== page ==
The only lever we currently control is the demand lever.
– Brad Udall, Stegner Colorado River Symposium, March 18, 2022
Colorado State University climate researcher Brad Udall poked again last week at a question he’s been thinking and speaking about for the past year – the knock-on effects of summer warming in the Colorado River Basin.
Precipitation declines in late spring and summer, combined with summer warming, are leaving us with dry soils as we head into the winters that follow. Which means less runoff in the basin.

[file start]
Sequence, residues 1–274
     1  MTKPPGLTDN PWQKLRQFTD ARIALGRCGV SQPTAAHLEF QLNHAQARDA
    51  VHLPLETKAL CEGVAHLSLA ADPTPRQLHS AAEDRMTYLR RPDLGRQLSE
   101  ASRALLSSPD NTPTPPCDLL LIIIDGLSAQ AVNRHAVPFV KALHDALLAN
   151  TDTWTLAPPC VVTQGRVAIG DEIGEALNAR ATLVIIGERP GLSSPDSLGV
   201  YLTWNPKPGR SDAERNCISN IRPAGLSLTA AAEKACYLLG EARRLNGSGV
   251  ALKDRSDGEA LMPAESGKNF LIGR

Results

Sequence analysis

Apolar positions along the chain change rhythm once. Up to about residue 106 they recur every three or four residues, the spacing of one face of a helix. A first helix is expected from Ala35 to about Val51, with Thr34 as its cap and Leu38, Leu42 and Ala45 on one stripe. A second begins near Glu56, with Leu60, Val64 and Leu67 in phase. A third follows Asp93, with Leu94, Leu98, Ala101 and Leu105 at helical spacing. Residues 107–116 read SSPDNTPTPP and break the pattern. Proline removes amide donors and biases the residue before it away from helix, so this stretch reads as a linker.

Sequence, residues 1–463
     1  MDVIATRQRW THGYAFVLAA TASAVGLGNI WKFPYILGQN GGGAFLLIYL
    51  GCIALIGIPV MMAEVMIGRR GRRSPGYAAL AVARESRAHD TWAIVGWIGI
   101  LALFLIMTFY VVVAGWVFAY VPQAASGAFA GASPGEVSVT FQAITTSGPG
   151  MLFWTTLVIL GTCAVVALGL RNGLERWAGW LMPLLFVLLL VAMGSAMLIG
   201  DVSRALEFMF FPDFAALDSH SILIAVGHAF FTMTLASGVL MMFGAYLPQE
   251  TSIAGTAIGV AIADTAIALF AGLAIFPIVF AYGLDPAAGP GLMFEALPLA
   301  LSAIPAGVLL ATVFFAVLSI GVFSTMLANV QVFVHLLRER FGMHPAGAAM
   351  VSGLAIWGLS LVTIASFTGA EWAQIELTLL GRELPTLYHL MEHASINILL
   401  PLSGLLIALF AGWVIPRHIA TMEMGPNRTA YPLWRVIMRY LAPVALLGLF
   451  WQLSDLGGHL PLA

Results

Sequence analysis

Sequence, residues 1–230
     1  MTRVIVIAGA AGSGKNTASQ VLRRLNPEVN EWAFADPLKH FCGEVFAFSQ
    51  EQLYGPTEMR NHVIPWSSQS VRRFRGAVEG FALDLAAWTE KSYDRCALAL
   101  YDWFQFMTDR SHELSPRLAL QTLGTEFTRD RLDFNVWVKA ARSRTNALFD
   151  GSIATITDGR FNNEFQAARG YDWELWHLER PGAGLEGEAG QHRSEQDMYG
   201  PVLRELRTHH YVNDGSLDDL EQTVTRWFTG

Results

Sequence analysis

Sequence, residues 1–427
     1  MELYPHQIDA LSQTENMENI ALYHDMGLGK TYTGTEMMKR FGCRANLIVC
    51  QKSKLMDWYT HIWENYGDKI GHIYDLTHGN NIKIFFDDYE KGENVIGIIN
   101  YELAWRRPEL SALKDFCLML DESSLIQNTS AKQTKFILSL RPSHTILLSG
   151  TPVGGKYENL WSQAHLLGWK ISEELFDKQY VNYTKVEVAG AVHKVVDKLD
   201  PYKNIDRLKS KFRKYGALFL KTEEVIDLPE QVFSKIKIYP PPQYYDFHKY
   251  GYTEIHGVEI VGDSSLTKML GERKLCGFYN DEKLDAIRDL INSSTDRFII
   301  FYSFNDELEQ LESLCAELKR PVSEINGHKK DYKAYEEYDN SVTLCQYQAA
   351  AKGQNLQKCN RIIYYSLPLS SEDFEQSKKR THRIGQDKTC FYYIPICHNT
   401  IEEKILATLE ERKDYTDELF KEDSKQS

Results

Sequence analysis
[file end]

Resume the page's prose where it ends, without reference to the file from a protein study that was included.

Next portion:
His talk included a graph of new modeling being done by a group of Colorado River researchers. Under a continuation of the hydrology we’ve had for the past two decades, the total storage of Lake Mead and Lake Powell bumps along at basically empty for the foreseeable future.
And Brad, a scientist whose work more than most straddles the scientific and policy worlds, shared his “biggest fear” – that it’s easier for basin managers to let the system crash than to make the hard choices needed to avoid that crash.